1983 - I've had this story rattling around in my head for a long time, and never got it down. Since today is Father's Day, I figured now was the perfect time.
A few years after moving to New Jersey in 1979, my comic book buying choices expanded exponentially when I discovered my first comic book specialty store--El Dorado, located just a few miles from my house.
Having subsisted off the vagaries of newsstand distribution before then, finding a whole store devoted to comics was like manna from heaven. I begged my parents as much as they could stand (and then past that) to take me there.
Unfortunately, not too long after I discovered the store, it closed down. Luckily, just before I was sent back to the sad spinner racks of my local 7-11s, I came across another store--Comic Crypt, located in Oaklyn, NJ, which was considerably further away (a 20 min. drive compared to the 5 min. one for El Dorado), but it was an even better store--more back issues, more new titles, more everything.
One of the titles I discovered via a comic book store was Marvel Fanfare, a direct sales-only "experiment" which featured the top creators of the day in a book that had no ads, and was printed on glossy, high-quality paper. The book cost $1.50 (horrors!) compared to the standard 60 cent comic of the day.
I loved Marvel Fanfare--the different creators and characters, editor Al Milgrom's sense that this book was a personal mission for him--I never missed an issue and I had managed to find the ones published before I discovered the book, except...#2.
Marvel Fanfare was one of those titles that most retailers didn't think would sell that well, so after ordering the standard amount for a first issue, they cut their orders for #2, since there's usually a big drop off in sales after the first.
But Marvel Fanfare sold well right off the bat, making #2 nearly impossible to find. As the series wore on, and I bought issue after issue, #2 still eluded me. To a twelve year old comic book collector, having the complete series was nearly as essential as Life Itself. The missing second issue nagged at me like the Tell-Tale Heart, instead the sound came from my long box, not the floorboards.
Then, one night, after making my Dad drag me to Comic Crypt one night, I was wandering the store, looking to spend every cent of the measly couple of bucks I had in my pre-wallet-days pocket.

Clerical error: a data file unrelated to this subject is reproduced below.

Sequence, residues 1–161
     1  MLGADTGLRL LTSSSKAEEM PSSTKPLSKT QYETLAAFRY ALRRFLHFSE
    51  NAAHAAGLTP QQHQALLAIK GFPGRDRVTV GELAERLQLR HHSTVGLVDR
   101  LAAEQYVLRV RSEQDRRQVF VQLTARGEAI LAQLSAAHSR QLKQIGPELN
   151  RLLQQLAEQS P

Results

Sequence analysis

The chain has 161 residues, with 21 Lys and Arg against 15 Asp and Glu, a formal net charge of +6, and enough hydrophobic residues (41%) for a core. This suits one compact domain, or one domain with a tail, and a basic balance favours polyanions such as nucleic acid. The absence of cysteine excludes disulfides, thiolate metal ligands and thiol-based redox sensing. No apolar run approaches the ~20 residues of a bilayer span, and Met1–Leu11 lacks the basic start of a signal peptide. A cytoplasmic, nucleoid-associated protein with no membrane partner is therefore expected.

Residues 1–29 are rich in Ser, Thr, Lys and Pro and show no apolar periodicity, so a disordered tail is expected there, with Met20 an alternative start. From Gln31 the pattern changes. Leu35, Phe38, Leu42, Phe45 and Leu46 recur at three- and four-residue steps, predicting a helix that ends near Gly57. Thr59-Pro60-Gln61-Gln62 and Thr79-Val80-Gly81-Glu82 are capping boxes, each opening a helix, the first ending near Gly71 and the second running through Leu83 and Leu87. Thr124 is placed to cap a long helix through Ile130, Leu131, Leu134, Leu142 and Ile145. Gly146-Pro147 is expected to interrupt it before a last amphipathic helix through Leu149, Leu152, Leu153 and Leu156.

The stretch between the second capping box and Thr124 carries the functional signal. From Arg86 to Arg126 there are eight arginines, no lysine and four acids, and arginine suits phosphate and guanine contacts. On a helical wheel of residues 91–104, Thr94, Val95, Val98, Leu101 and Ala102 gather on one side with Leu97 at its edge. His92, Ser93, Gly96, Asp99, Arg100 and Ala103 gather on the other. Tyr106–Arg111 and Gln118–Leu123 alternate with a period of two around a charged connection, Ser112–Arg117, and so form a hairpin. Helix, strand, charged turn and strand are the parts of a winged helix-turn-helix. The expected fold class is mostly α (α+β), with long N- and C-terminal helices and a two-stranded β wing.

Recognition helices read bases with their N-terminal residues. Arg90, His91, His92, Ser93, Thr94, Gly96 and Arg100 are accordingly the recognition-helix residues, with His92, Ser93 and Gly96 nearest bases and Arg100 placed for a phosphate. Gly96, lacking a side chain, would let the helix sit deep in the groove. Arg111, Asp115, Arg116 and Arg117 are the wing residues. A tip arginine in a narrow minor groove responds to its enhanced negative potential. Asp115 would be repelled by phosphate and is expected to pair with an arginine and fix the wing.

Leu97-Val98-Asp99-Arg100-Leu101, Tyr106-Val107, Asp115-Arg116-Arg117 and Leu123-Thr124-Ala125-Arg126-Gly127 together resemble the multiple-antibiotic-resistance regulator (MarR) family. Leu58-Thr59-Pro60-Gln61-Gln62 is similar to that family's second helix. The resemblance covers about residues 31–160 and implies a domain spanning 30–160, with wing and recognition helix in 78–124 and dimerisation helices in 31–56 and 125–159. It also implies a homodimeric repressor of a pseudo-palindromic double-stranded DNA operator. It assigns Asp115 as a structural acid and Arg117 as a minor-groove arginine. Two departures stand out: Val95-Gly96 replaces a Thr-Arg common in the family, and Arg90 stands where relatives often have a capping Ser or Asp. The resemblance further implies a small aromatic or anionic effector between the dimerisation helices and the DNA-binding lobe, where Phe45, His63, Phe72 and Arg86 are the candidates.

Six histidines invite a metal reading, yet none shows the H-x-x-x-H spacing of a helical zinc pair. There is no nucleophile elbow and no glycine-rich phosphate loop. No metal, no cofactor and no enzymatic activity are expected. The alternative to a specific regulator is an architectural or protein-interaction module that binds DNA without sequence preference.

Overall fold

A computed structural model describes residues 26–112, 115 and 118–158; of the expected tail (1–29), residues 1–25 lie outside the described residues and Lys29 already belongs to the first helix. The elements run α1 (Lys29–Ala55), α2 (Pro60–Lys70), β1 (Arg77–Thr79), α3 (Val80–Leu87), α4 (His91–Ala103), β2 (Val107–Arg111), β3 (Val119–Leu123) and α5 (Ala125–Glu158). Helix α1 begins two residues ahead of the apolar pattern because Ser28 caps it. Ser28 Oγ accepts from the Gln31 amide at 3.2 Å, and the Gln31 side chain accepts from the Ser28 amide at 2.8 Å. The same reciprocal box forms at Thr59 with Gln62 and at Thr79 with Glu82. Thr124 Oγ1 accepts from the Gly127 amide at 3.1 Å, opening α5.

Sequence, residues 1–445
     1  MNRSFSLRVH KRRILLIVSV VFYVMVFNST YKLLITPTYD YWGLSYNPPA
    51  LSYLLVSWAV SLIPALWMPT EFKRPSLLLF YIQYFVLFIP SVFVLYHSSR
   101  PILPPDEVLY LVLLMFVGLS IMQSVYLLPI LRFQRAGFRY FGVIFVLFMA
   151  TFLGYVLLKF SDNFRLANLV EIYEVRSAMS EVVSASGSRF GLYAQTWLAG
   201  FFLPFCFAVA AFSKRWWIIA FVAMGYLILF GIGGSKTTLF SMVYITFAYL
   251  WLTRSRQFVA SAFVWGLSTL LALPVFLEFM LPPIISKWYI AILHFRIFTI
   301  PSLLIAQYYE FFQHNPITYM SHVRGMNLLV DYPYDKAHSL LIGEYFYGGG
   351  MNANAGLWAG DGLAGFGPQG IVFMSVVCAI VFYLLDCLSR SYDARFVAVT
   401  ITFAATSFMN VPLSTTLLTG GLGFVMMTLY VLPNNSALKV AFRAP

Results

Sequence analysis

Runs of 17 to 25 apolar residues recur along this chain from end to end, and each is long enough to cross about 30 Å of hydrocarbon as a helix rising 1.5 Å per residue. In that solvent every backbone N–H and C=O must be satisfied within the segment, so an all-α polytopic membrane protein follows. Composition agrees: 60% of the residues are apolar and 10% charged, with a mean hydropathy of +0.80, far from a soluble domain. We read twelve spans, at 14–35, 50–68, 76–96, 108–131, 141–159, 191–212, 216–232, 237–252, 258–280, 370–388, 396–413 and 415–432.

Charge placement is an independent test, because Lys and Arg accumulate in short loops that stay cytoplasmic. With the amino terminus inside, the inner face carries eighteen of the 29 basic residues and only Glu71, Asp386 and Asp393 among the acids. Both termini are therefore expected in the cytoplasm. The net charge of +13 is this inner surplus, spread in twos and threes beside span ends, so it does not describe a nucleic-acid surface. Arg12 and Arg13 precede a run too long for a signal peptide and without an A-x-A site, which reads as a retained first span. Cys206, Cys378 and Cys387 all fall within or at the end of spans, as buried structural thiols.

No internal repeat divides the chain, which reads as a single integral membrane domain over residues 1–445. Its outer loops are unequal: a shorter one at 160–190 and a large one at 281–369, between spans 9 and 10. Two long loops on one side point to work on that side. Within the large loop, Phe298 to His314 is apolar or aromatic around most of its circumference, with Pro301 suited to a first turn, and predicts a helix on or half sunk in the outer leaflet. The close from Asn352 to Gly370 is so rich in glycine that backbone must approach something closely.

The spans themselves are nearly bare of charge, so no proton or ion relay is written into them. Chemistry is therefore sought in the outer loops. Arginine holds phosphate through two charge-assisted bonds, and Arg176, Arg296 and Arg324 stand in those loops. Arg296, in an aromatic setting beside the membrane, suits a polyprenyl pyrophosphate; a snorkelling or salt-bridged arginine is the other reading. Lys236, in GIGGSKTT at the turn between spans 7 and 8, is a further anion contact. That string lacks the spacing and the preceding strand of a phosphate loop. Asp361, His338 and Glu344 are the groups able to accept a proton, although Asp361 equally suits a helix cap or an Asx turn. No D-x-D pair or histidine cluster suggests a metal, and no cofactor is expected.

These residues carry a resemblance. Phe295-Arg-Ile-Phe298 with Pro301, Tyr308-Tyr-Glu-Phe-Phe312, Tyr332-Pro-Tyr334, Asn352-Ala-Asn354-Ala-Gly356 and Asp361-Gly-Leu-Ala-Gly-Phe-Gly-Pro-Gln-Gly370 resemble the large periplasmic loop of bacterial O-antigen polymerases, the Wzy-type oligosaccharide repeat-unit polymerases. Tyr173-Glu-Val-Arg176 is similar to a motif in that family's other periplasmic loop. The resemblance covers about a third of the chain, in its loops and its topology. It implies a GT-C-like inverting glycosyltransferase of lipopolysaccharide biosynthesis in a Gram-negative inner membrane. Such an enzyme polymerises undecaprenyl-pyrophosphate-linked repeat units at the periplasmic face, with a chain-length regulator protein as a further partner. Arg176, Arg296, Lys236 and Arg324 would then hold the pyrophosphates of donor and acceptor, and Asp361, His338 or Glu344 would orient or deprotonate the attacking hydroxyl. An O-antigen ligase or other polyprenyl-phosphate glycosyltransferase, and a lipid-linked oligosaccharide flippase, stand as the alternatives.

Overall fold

Just before I left, I checked the Marvel Fanfare back issues, expecting to find nothing...and of course, there it was. Marvel Fanfare #2. Hark, the angels sing!
Unfortunately, it was stickered with a price tag of $6.00. Which meant, if I wanted to get it, I would've had to put back every other book in my hand. That was too tough a hill to climb, so I put the book back.
I walked out of the store, looking more dejected than I normally do when leaving a comic book store. I climbed into the back seat, and my Dad asked me something. I guess he noticed my mumbled, oh woe is me answer, and he asked me what was wrong.
I then told him The Tale of The Unpurchased Comic: A Tragedy in Two Parts. At that age, I just this side of being too young to try and angle for things, at least as consciously as I would later on. I was genuinely sad, figuring the book would be bought by someone else before I ever had the money to get it myself.
"How much is it?", my Dad asked.
"Six dollars," I said, as if that was the sum total of Croesus' fortune.
My Dad paused, then reached into his wallet, handed me the money, and said "Go get it."
I bounded into the store, the six dollars actually burning its way through my hand. I went in, bought the book, and walked out, feeling like a Big Time Spender.
I thanked my Dad profusely, and spent the rest of the ride home diving into its pages, lost in the tale of Spider-Man and the X-Men trapped in the wilds of the Savage Land. It was the Best Comic Book Ever, at least for those 20 minutes.
I'm sure there were many moments in my Dad's life where he metaphorically scratched his head, wondering who this kid of his was. I could care less about sports, and his attempts to play catch with me were met with grudging acceptance, and all the enthusiasm you'd have for an IRS audit. But hand me a pile of comics and I simply was in my element.
I guess, as a parent, you hope there are moments you have with your kids where you get to show them how much you love them, and they recognize that.
I'm sure my Dad would've never have guessed one of those moments would come sitting in a darkened car in Oaklyn, NJ, outside of a comic book store. But there you go.
Happy Father's Day, Dad. And thanks for the six bucks.